Sunday, June 21, 2009

Review - "Hunt For the Skinwalker"

I would like to thank Gummerfan and Naveed for pointing out the Skinwalker Ranch in Utah and the fascination book “Hunt for the Skywalker,” by Colm A. Kelleher, PhD and George Knapp.

Sometimes, I swear my search for answers takes me on crazy serendipitous paths. When I want to know information, it comes to me in strange ways and I find correlations that send me off in different tangents. Have you ever gone online to Google a subject and then that has a link that makes you look into something else, and before you know it you started out searching for popular fishing spots in the Great Lakes and ended up researching how to make butterscotch pudding?

That’s my life pretty much every day…

This book was mentioned by Naveed and I was curious, I admit. Now that I’ve been researching places with phenomenon and finding strange correlations like the kind of geology and the 33rd parallel latitude, well, the book seemed like a perfectly timely read.

And it was!

I was admittedly put off that George Knapp was co-writer only because I associate him as a reporter who follows Area 51. I worried this would be so sensationalized that there would be very little substance and lots of speculation. Yeah, there’s gobs of speculation, but it’s the good kind. This book is like a massage for your brain--it wakes you up into a new relaxed reality. It’s the kind of book that gets us thinking in new directions, opening our minds like you’re peeling back the tin lid on a can of sardines and they realize that they really don’t need to be crowded anymore—the world has lots of space. That’s kind of how I felt after reading this book, like there are no boundaries to space and time.

The book is based on a “factual” case of a family that moved to a remote ranch in NE Utah and began to experience strange phenomenon, from things going missing and ending up in weird places, to strange orbs of lights, space ships, aliens beings, cattle mutilations, and the scariest of all, strange creatures that defied things on earth and that local Indians refer to as “skinwalkers,” or witches who can make themselves into any kind of beast.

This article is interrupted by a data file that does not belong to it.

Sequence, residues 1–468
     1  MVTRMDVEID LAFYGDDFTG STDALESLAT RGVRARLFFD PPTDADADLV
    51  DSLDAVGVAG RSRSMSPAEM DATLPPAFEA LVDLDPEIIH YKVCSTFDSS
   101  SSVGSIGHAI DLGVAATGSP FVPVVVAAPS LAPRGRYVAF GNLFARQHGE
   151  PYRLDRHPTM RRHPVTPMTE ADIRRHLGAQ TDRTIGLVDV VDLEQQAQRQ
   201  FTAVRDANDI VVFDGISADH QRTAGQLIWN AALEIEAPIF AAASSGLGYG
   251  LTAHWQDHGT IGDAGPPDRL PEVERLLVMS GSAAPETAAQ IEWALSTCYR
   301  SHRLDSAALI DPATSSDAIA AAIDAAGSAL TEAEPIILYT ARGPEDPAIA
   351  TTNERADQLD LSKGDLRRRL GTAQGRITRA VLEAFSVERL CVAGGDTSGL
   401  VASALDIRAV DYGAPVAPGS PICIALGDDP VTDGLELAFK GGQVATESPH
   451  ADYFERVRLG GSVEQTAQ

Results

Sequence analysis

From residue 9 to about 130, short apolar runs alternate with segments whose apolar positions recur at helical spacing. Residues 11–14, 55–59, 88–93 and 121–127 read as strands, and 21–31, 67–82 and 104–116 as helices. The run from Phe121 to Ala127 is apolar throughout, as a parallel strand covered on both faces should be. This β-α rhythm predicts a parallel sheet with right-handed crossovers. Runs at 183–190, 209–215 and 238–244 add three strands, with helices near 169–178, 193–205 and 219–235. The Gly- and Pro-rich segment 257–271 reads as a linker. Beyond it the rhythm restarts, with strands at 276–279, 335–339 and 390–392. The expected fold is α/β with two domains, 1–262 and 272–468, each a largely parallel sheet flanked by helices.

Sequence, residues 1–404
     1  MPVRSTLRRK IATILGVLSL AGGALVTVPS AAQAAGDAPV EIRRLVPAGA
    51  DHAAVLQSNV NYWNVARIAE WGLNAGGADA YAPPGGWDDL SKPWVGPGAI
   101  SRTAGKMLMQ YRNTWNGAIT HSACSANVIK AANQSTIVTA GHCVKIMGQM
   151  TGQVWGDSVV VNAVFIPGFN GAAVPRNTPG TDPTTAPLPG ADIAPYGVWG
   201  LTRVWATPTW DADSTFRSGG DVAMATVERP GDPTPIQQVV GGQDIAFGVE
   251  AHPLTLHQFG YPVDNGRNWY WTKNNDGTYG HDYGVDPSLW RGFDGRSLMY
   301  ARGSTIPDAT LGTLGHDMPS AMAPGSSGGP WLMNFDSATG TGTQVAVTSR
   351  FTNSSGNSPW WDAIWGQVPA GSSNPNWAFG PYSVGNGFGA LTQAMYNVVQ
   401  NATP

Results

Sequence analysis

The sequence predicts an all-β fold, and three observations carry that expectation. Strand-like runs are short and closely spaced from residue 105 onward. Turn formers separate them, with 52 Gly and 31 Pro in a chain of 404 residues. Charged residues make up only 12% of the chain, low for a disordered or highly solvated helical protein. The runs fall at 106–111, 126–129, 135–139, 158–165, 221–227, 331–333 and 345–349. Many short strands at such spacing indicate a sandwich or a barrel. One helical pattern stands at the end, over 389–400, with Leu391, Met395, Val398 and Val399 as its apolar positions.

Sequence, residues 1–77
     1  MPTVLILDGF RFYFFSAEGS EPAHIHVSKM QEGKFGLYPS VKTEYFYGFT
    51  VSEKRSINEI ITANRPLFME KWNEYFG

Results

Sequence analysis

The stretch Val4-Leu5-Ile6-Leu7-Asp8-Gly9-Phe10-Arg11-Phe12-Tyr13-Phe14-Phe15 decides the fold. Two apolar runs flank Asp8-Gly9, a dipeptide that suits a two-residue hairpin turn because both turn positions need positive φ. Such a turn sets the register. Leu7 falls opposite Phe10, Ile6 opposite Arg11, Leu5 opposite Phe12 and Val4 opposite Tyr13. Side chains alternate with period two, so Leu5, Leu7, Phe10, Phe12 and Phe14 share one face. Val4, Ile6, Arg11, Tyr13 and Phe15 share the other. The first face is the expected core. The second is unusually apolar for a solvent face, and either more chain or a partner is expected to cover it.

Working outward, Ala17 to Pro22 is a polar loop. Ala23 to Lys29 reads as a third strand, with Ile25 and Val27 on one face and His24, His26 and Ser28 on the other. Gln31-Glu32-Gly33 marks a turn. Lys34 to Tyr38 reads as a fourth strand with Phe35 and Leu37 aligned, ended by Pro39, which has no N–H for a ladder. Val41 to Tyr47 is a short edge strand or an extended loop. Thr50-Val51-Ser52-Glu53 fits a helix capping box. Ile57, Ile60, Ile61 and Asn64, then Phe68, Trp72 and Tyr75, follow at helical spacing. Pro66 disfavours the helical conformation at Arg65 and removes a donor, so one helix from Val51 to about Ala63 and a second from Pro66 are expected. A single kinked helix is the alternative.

I started reading the book when I had a few free minutes and it ended up hours later and I literally could not put it down. It reads like an amazing account of the paranormal set in a place of vulnerability to the elements and isolation geographically. I read it as a fictional work with some hints of the truth. It’s impossible to sort out the true from the confused and enhanced, but the essence of it is—if even a few of these things truly occurred, there is something about this site that was ideal for weirdness.

Admittedly, when the NIDS (National Institute of Discovery Science) came onto the scene to study the ranch for several years when the owners moved out from fear, the incidents became less frequent and over time trickled down to very few. The greater question becomes; was it the time for it to die off naturally? Did the owners themselves somehow enhance by their presence and emotions this phenomenon? Was a portal to the area closed somehow? Or, knowing that they were now being the observed instead of the observers, they moved on to new game?

What I loved about the layout of this book is the way the writers brought in accounts and then interviews and then background information in a very logical manner. At the end of the book, they did something I think is brilliant and how I would have tackled this kind of subject because of my logical mind; they presented all the options for what occurred there and the pro’s and con’s of each possible explanation. I felt my already open mind creaking open a bit wider by the end of the book.